Commentary on Parashat Vayigash, Genesis 44:18 - 47:27
We all dream. And sometimes our dreams come true. A dream come true is a wonderful thing, almost too good to be true. But there are times when the fulfillment of a dream is so different than what we thought it would be. When it finally comes to pass, times have changed, we have changed, and so have circumstances. Or it may just be that we never really understood what we were dreaming about, we never fathomed the full implications of our dreams. Reality, it turns out, is so much more complicated than the stuff that dreams are made of.
Sarah our beloved matriarch had hoped to become a mother just like any other newlywed. When it took a bit longer she prayed and she cried and she dreamt. The years passed and the dream remained with her. When God brought her dream to fruition after so many years and Isaac was born, she was a different woman than the one she had been so many years earlier. She had never dreamed of being the mother of a newborn at the age of 90. The very fulfillment of her dream turned out to be more of a challenge that a honeymoon. Isn’t it so often like that? Not that she — or we — wouldn’t want to be blessed by the fulfillment of the dream at such a late stage, it’s just that that which could have been so sweet … is more like bittersweet.
Dreams fulfilled often place our lives in a wholly new and unexpected context. When his brothers are prostrate before him like so many sheaves of wheat, Joseph’s youthful dream is now reality. But it is not like he had thought it would be. What had seemed to so many years ago to be a sure promise of power and prestige is completely reframed. His is the one sheaf of wheat still standing, and upon him is thrust the burden of seeing to the sustenance of the entire extended family. The surrounding sheaves are not so much subservient to him as they are dependent upon him for their very survival.
Joseph rises to the challenge. His abandons the childish interpretation of his childhood dreams and instead applies himself to feeding the hungry sheaves that have now appeared before him.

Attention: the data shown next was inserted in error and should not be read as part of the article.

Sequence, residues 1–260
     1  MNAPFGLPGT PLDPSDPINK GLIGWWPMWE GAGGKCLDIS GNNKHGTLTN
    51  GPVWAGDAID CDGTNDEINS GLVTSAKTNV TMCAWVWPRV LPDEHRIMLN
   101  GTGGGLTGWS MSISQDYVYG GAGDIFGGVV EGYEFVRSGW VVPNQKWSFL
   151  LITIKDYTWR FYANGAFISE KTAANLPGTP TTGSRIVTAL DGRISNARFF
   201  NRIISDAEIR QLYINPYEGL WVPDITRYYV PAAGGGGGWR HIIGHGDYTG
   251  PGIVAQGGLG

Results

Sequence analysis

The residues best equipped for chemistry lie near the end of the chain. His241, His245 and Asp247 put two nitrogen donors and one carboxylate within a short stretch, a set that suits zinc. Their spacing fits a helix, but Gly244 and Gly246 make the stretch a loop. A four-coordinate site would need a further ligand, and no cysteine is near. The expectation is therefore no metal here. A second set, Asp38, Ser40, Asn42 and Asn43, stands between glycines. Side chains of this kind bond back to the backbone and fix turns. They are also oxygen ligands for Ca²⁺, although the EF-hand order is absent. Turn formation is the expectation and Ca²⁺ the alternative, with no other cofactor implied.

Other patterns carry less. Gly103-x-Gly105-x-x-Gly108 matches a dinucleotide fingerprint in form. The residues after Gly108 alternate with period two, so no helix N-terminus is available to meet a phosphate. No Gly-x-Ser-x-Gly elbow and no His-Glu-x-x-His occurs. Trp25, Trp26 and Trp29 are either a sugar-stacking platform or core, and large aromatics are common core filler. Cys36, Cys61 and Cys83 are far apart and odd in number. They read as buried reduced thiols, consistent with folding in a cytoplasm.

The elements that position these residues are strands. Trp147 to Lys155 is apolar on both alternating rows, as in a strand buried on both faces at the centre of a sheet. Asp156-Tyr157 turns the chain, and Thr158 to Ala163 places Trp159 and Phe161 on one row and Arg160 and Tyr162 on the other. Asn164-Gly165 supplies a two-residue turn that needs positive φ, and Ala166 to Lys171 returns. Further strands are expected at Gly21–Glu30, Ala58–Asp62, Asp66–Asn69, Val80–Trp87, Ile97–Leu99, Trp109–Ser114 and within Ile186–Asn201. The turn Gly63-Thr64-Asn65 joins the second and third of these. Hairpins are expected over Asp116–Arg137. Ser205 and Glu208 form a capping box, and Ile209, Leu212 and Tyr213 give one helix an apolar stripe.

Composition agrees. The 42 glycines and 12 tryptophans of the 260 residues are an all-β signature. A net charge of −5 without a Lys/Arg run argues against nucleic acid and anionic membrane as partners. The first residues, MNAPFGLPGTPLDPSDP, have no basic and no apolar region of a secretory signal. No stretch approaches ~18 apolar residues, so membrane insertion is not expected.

Grappling with unimagined responsibility suddenly placed upon us is not the only challenge that fulfilled dreams sometimes ask us to confront.
The consummation of our dreams paradoxically takes them away from us. When dreams become reality, they are no longer dreams. When our own good fortune forces us to move from the realm of lofty aspirations to the nitty-gritty of reality, we are liable to neglect to replace our old dreams with new ones. Too often, we forget how to dream.
But we must forever keep dreaming. It behooves us always to live a life with vision, no matter how many dreams have been fulfilled. We must always treasure yet-to-be fulfilled dreams.
Joseph kept dreaming. Little did he know as a youth that his dreams foretold the immigration of the whole covenanted clan to the Land of Egypt. But when that came to pass, he embraced it and its challenges while cherishing a new dream. As his end draws near, he reveals the innermost vision that had been pulsating through his heart.
“God will certainly redeem you” says he to his brethren on his deathbed, “and He will bring you up from this land to the Land that he swore to Abraham, Isaac and Jacob”. And then he adds, “Make sure to take my bones from here” when you leave. The man who left the Land of Israel at the age of 17, and then brought his whole family into exile with him, always nurtured the hope of return.
For Joseph, reality had quickly caught up with his dreams, but that had only set the stage for further dreams. There is no other way.